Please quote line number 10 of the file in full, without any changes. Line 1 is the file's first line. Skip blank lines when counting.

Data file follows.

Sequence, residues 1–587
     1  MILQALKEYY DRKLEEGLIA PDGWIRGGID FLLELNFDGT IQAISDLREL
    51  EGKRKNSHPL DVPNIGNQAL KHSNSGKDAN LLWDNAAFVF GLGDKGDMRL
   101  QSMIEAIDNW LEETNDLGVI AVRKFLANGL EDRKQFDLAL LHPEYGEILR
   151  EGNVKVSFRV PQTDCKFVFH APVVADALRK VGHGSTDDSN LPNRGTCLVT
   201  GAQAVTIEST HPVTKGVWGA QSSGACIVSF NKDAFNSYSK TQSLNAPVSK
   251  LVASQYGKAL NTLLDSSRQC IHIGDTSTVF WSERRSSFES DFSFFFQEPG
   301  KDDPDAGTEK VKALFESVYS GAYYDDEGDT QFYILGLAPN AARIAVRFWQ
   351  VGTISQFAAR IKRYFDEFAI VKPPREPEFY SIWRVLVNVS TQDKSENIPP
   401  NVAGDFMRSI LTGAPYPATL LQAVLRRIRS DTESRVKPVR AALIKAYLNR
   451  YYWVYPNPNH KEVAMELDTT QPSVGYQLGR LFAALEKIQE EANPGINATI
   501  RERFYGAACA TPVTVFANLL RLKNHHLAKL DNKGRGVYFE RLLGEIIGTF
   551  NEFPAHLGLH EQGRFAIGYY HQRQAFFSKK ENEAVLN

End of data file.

   401  NVAGDFMRSI LTGAPYPATL LQAVLRRIRS DTESRVKPVR AALIKAYLNR